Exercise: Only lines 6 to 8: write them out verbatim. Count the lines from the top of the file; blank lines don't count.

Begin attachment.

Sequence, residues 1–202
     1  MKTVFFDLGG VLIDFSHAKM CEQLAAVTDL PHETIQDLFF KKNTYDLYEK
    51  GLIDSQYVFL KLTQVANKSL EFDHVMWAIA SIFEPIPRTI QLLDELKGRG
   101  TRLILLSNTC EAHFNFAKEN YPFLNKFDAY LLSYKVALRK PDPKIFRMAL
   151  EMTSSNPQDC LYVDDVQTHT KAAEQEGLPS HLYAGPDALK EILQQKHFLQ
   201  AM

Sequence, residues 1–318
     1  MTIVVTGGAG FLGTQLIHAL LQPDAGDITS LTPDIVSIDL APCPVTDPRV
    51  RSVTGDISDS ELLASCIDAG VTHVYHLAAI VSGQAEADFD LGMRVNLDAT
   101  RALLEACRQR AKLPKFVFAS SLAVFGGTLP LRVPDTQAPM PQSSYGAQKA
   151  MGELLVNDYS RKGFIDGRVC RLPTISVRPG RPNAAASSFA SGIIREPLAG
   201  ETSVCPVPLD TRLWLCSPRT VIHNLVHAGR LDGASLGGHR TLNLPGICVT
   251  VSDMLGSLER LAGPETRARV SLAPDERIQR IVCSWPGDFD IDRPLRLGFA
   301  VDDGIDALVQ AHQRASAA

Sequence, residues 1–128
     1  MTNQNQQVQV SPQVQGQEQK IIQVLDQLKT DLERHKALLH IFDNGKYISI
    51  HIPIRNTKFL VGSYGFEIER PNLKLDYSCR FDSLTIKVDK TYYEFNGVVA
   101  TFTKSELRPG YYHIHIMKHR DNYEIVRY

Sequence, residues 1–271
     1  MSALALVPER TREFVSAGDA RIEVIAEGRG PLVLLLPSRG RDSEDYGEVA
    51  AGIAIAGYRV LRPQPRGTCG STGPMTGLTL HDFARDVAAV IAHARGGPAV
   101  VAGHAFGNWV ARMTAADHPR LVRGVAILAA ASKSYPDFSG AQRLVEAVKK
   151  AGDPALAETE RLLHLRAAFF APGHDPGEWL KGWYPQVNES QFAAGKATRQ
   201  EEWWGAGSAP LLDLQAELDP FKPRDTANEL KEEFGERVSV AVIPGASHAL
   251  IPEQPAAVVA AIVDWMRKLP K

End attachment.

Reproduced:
   201  AM

Sequence, residues 1–318
     1  MTIVVTGGAG FLGTQLIHAL LQPDAGDITS LTPDIVSIDL APCPVTDPRV